THE DUCHESS OF MALFI
by John Webster.
Shakespeare’s Globe 21 New Globe Walk Bankside SE1 9DT To 16 February 2014.
7.30pm Mat Sat, Sun 2.30pm
Runs 2hr 50min One interval.
TICKETS 020 7401 9919/0871 297 0749 (booking fee).
Review: Carole Woddis 16 January.
An unmoving production in a fine setting.
John Webster’s The Duchess of Malfi (1613) seems the hardest play these days to get right. A dance of death that breathes out decay and moral contagion at every pore, you’d think the Globe’s beautiful and intimate new Sam Wanamaker indoor playhouse, emulating the first Jacobean theatres and lit only by candles, would be perfect for bringing the play’s dark intimacies, betrayals, and violence into chilling focus.
Such craftsmanship has clearly gone into the timbered building with its wooden pillars, octagonal shaped three-tiered thrust stage auditorium and shuttered artificial light. But the same degree of skill and intensity is sadly, not present on the stage.
Malfi has often drawn stellar actresses to the role: Peggy Ashcroft, Helen Mirren, Juliet Stevenson and Eve Best amongst them. The play has the capacity to stir and move millstones, one of the best in this vein being with Stevenson’in Philip Franks’ mid-1990s Greenwich production.
Dominic Dromgoole with the rising if not risen Gemma Arterton (Hilde Wangel in the Almeida’s The Master Builder, Tess in the BBC’s < i>Tess of the D’Urbervilles) as the Duchess seems to have settled on something far less ambitious, a horror-lite portrait of dysfunctional siblings heavily informed by post-modernist irony.
This sits well with a character like Bosola, the soldier loyalist employed as spy by the Aragon dukes Ferdinand and his brother the Cardinal, whose mercenary inclinations reflect his amorality but also a rich sense of nihilism. All is one, in the end, he realises, as Fate and accident take charge.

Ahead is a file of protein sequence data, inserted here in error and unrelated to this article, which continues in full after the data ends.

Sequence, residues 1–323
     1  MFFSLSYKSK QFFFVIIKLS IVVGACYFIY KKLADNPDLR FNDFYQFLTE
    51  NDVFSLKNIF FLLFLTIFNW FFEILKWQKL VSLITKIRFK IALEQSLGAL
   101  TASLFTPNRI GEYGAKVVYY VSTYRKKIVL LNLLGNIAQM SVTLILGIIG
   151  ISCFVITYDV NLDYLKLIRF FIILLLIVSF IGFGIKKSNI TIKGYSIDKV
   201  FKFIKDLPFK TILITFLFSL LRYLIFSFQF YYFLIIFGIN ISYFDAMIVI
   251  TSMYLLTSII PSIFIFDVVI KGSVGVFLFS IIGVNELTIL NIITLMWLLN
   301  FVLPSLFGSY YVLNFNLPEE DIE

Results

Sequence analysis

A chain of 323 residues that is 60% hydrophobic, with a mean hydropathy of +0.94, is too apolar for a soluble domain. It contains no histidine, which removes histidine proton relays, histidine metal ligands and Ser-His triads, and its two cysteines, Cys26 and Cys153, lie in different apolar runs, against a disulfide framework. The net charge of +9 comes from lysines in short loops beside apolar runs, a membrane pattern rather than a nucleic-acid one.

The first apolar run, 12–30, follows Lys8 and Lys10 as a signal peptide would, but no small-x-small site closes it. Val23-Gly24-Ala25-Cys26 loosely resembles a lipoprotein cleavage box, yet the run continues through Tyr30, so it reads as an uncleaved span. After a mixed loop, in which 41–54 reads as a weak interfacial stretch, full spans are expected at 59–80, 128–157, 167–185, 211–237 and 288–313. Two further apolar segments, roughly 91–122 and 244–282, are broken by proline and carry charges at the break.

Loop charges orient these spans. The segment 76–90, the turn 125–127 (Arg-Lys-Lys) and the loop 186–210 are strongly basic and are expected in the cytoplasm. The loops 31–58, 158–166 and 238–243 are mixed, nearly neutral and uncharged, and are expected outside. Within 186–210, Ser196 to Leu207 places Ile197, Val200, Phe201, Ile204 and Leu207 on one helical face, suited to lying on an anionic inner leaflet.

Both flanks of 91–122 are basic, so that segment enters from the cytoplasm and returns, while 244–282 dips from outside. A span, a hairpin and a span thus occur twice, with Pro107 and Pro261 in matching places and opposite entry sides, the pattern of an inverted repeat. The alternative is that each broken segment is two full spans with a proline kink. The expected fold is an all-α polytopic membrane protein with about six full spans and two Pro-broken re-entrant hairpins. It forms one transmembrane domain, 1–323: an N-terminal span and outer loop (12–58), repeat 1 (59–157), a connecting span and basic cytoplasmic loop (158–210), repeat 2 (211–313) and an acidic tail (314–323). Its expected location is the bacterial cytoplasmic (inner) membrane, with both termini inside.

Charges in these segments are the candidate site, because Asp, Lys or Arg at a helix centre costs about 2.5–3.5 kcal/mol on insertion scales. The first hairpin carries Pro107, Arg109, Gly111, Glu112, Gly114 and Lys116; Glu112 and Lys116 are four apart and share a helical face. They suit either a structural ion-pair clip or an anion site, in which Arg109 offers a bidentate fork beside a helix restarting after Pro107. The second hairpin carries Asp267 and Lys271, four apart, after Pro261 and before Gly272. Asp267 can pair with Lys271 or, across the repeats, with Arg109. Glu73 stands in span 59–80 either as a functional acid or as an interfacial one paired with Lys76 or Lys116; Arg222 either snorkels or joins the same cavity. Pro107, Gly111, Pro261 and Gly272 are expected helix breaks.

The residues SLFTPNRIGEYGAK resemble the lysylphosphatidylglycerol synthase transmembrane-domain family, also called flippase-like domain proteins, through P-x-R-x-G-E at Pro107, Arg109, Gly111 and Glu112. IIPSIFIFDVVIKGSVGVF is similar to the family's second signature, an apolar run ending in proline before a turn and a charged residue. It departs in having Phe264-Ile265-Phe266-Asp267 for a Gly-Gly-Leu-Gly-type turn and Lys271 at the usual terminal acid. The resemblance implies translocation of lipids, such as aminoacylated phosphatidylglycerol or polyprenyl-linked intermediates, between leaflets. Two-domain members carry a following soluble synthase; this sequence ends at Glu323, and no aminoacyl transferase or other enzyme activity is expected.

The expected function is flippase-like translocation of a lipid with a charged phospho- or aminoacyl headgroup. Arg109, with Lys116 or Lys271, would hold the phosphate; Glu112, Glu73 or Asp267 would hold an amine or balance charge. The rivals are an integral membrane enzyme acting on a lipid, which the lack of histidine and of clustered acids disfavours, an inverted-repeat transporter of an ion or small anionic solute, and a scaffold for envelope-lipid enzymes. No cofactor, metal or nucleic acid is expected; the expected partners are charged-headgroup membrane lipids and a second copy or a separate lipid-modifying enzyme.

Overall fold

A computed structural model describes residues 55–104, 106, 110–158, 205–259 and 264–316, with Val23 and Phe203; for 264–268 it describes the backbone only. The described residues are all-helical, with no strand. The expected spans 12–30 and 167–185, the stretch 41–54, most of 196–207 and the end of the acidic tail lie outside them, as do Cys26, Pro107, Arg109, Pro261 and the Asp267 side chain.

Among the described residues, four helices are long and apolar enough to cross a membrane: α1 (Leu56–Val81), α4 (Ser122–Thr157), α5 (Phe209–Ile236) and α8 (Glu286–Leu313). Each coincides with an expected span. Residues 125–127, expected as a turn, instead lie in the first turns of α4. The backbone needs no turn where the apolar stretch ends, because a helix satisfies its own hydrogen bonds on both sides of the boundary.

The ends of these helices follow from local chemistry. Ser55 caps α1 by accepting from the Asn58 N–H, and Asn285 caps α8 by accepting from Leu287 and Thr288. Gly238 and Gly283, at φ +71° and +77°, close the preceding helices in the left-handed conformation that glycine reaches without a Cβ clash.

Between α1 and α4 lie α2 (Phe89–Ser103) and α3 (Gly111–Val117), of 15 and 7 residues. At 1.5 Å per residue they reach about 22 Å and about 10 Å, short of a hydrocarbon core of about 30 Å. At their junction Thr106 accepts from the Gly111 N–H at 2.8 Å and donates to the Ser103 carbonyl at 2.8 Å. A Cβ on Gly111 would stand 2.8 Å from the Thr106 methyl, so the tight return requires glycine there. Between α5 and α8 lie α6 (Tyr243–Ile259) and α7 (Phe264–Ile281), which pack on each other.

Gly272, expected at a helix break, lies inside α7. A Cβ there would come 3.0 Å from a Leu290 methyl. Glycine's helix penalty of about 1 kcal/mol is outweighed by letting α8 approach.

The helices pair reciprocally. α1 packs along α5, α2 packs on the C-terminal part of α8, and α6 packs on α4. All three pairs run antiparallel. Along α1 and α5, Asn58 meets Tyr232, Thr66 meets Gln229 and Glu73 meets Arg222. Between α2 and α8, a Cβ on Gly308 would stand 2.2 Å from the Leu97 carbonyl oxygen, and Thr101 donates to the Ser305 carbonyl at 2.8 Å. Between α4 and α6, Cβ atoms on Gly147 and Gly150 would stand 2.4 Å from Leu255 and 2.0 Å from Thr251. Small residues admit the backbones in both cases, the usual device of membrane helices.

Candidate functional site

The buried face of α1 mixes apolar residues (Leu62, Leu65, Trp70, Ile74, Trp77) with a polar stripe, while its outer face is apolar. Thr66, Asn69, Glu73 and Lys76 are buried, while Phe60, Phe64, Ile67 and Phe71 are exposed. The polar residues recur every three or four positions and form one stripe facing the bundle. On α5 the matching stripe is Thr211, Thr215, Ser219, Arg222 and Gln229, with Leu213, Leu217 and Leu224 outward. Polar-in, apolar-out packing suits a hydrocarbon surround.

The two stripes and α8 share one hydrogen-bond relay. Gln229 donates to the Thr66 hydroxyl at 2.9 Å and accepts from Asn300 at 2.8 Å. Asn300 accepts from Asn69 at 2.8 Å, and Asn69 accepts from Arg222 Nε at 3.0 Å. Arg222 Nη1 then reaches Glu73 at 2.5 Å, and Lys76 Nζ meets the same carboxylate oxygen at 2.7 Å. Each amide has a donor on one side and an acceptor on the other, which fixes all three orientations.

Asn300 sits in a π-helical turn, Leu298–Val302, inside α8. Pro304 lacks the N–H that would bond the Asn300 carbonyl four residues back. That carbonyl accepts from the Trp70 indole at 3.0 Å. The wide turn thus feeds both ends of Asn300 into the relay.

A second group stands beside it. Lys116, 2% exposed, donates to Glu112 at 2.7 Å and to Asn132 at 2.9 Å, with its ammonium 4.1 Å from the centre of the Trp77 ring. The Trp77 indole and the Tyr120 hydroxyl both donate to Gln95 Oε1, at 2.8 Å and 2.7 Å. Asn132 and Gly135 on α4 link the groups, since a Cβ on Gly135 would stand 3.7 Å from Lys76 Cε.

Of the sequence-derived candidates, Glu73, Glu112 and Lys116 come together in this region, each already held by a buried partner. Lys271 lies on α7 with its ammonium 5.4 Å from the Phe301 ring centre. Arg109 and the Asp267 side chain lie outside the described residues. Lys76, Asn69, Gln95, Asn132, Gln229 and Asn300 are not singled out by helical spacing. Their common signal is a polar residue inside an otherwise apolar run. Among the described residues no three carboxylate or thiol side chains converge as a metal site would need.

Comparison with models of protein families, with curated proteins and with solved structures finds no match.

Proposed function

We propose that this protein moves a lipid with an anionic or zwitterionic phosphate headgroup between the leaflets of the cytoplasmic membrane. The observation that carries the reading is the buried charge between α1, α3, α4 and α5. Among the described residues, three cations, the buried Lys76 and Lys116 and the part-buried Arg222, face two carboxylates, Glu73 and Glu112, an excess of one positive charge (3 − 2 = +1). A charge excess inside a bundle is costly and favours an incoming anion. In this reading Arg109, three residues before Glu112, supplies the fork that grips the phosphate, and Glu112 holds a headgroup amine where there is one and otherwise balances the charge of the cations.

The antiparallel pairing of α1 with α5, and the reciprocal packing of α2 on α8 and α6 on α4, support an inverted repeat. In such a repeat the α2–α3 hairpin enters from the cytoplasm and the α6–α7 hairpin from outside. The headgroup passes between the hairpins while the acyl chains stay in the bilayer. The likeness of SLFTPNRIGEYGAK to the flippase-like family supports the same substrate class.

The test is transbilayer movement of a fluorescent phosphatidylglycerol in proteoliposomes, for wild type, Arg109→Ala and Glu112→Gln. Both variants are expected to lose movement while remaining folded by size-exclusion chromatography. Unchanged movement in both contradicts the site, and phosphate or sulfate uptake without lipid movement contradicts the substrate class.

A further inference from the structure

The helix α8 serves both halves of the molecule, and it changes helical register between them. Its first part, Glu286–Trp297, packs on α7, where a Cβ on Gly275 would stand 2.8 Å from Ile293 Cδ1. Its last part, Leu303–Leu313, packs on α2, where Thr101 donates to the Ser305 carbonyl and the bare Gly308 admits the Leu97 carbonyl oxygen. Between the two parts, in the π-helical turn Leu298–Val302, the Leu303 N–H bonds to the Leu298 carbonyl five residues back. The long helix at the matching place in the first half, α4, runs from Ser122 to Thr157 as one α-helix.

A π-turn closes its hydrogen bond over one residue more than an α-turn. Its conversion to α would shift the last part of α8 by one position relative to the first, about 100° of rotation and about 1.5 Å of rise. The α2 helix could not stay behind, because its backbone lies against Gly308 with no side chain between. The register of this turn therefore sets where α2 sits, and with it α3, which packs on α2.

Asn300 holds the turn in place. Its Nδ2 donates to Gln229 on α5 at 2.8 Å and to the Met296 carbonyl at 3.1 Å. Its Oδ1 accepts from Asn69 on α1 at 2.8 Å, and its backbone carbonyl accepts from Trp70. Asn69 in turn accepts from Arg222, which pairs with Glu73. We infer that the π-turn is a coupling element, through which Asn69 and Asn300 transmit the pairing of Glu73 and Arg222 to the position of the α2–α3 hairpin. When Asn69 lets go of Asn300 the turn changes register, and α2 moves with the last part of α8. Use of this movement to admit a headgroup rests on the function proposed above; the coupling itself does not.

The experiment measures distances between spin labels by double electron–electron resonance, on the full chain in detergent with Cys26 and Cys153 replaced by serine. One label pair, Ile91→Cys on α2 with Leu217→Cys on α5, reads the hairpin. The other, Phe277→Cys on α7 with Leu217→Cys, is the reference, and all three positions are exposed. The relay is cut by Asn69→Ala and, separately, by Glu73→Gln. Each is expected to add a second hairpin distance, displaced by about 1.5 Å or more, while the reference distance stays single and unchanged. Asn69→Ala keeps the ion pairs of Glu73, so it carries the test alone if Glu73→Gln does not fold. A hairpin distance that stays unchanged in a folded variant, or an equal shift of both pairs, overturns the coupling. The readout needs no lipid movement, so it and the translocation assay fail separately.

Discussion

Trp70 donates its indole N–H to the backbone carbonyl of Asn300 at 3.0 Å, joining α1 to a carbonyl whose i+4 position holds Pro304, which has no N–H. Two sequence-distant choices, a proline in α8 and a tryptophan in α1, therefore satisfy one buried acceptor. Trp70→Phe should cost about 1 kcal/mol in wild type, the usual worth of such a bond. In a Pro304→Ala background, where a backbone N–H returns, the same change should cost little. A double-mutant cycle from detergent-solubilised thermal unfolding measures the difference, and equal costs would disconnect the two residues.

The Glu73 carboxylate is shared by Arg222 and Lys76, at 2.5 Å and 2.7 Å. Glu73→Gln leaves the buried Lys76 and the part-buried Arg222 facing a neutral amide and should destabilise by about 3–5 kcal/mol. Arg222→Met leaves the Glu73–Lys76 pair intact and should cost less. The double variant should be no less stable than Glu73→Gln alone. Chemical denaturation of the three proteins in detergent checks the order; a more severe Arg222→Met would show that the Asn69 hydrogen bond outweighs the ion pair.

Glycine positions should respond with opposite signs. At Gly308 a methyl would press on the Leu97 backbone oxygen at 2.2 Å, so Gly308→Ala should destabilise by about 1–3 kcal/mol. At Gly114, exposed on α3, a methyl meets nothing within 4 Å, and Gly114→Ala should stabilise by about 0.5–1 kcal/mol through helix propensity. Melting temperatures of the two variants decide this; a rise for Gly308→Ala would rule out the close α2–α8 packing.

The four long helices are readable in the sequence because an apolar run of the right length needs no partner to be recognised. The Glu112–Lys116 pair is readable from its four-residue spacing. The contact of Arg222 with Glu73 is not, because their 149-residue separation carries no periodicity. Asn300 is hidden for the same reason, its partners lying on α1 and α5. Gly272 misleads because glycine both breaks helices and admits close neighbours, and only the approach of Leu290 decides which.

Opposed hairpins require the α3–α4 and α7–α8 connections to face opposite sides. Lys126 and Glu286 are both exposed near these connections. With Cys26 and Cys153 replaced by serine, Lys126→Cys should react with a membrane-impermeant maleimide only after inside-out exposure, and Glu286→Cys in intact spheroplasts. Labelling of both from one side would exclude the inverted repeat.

If Bosola is the nearest thing to the play’s moral centre, Arteton’s Duchess starts off regal and remains gaily headstrong in the face of repression, exile, mental torture and finally murder – if not exactly virtue personified a fair facsimile of a doomed aristocrat Webster might well have recalled, one Anne Boleyn.
Too often, though, this Malfi underwhelms by its resistance to savouring the text. Feeding on popular sentiment, what should be a bitter and tragic indictment of power and its perversions (Ferdinand is a ripe case of incestuous psychosis) is rendered coolly self-knowing. Disappointing.
Duchess of Malfi: Gemma Arterton.
Silvio: Giles Cooper.
Ferdinand: David Dawson.
Castruccio/Doctor: John Dougall.
Cardinal: James Garnon.
Bosola: Sean Gilder.
Julia: Denise Gough.
Cariola: Sarah MacRae.
Pescara/Roderigo: Brendan O’Hea.
Delio: Paul Rider.
Malateste/Grisolan: Dickon Tyrrell.
Antonio: Alex Waldmann.
Child: Archie Bradfield/George Morris.
Bass Viol: Emilia Benjamin
Violin/Recorders: Sharon LIndo
Theobo/Lute/Cittern: Benjamin Narvey
Director: Dominic Dromgoole.
Designer: Jonathan Fensom.
Composer/Globe Associate for Early Modern Music: Claire van Kampen.
Musical Director: Tom Foster.
Choreographer: Siân Williams.
Globe Associate – Text: Giles Block.
Globe Associate – Movement: Glynn MacDonald.
Voice/Dialect: Martin McKellan.
Fight director: Kevin McCurdy.
Assistant director: Tatty Hennessy.
First performance of this production of The Duchess of Malfi in the Sam Wanamaker Playhouse, Shakespeare Globe, Southwark, London, 9 January 2014.